Friday, July 14, 2006

Conversations with Adam in the car

In the car, you can have very frank and intense conversations because you are relegated to sit with one another but yet not required to have eye contact. It is the one place where you can be sure to have your kid's attention because they can't run away. Many people have noticed this phenomenon, as I've heard about this on WGBH Morning Stories as well as Mommycast (not that my whole world centers on podcasts or anything).

So one day driving Adam to and from soccer (yes the cliché soccer mom), we had a conversation about school and college. I told him that he would be going to college and probably live there (make it a fact now so that he doesn't get any ideas otherwise). He was extremely alarmed about living away from home because he said he would miss me. I replied that it was extremely sweet of him to think so, but when the time came, he would probably want to live away from home. He was adamant about missing me and having me live with him at college, so I told him that I would remind him that he felt this way when he turns 18. Such a sweet sentiment from a 5-year-old, I was really touched.

Last week as I was driving him to ice skating lessons, we had another funny conversation.

Mom: Adam, what are you doing?
Adam: I'm watching TV in my brain.
Mom: What are you watching?
Adam: The Simpsons. What are you watching?
Mom: Well, I'm watching the road because I have to drive. Actually I'm singing to myself "Thumpity thump thump, thumpity thump thump, over the hills we go" because we just went over that bumpy part and we are going to ice skating lessons so it reminded me of wintertime. "Thumpity thump thump..."
Adam: Stop it Mom!


Anonymous said...

At a very young age, my daughter Kimberly was the type of kid who was very taken back by simplicity and the Amish lifestyle in particular.

She always told me she would never drive a car and did not want to live in a city, she did not want a TV and she wanted a very simple lifestyle.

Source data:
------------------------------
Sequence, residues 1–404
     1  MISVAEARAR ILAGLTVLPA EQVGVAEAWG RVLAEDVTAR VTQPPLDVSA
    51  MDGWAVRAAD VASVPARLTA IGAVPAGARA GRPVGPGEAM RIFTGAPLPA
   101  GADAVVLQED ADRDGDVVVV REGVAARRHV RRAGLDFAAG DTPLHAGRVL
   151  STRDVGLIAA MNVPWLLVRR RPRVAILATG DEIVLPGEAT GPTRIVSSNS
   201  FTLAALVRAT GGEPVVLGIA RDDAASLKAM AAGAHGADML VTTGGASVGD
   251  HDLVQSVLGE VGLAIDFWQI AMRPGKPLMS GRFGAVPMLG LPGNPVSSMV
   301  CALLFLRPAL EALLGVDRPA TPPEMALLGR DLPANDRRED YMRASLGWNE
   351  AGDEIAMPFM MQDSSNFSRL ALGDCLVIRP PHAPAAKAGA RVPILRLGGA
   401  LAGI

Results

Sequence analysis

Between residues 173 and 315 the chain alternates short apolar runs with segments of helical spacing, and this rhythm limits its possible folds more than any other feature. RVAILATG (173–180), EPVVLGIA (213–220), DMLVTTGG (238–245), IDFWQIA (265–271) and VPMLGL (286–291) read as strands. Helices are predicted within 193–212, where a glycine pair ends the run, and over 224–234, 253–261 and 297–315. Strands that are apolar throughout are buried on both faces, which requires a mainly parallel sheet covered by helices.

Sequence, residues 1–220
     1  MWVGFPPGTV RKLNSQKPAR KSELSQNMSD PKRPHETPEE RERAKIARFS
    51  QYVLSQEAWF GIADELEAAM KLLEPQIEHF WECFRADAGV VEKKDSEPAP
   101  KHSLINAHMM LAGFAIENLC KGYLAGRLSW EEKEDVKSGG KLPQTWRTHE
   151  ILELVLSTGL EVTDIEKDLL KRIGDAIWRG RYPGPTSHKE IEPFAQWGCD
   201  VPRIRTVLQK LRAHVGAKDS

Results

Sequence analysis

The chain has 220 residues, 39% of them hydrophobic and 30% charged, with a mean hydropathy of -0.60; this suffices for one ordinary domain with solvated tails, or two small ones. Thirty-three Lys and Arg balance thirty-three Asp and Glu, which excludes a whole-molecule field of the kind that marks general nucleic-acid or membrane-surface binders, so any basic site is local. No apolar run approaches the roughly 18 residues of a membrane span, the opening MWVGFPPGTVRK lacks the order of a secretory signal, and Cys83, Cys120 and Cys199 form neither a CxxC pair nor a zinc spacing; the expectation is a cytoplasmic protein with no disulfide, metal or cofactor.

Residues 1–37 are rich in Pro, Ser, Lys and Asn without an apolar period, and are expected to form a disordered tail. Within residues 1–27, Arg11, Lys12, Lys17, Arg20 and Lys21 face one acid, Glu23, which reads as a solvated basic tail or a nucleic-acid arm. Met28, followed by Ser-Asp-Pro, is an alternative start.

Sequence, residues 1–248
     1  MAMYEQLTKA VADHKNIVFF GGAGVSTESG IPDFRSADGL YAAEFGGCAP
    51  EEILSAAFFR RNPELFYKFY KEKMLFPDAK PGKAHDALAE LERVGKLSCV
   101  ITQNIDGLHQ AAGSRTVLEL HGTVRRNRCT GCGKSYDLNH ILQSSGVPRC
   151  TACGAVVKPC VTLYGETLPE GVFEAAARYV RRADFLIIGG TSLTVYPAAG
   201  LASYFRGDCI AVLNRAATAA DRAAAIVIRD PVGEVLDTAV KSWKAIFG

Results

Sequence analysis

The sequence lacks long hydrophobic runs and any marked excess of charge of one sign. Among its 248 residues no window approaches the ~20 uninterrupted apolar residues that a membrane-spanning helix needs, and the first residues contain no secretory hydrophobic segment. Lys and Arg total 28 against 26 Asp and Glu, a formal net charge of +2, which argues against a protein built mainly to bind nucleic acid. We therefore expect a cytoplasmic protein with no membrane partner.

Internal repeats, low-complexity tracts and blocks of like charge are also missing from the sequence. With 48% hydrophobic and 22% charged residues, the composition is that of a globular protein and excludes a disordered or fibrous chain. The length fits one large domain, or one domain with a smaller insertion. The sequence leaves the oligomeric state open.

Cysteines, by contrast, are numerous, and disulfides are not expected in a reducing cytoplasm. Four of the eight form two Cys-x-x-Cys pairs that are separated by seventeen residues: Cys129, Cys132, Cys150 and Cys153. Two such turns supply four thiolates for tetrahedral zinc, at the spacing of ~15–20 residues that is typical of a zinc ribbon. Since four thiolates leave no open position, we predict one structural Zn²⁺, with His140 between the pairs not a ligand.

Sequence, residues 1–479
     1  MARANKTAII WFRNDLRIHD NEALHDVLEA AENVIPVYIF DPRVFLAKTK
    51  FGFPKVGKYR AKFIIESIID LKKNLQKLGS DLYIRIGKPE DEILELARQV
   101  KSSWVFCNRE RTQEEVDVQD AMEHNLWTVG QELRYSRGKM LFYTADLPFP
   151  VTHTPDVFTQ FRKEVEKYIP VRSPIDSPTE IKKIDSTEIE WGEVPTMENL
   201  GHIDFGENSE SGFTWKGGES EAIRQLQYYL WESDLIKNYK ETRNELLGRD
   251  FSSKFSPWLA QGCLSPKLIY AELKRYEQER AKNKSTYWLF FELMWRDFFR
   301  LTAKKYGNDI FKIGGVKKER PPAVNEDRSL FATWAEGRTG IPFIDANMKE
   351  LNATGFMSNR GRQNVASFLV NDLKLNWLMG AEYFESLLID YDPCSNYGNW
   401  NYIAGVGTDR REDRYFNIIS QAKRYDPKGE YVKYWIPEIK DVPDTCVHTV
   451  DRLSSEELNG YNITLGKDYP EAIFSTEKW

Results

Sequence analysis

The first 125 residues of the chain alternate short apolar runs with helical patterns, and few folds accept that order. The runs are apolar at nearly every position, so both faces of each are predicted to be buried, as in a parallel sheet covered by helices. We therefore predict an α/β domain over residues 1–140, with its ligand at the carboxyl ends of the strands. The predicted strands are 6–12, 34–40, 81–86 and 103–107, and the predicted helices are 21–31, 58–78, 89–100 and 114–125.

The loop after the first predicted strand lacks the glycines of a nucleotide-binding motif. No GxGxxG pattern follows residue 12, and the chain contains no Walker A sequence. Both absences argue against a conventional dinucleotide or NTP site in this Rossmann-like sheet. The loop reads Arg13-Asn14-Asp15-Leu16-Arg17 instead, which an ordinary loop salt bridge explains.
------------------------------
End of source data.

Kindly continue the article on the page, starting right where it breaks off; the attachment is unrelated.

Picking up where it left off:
I kept trying to convince her that some of the advances humans have made are not all wastful and excessive, and that they help with the general progress of mankind and in fact the planet.

As she grew she never really changed her interest in things like TV, but she slowly started to not only accept new technologies...but get excited about them.

She really got turned on to computers, and had a web page at a very early age. (I helped her edit it, but she was constantly wanting to update the content)

She was a big user of email, and then she was actually the first in the house to start a Journal. (and of course....she quickly learned that the wanted to drive in a big way and went for her drivers test only days after she was old enough)

I know she has not finished developing and growing....none of us has....but so far, I am very proud of the choices sha has made and the values she has decided are important to her.

Kids are great.....being a parent is great. This all makes life worth living...and thank goodness for our brains because these kind of memories will be the one's we will enjoy until we draw out last breath.

Anonymous said...

I have had so many wonderful conversations in the car with my children. I didn't want a dvd player in my new car because I feared this would take away the last frontier where I have my children's undivided attention. For example, my 7 year old son recently told me he speaks to his future self. When I asked what his future self looked like, he said he couldn't tell me because it would jeopardize the space/time continuum. I'm so glad I asked!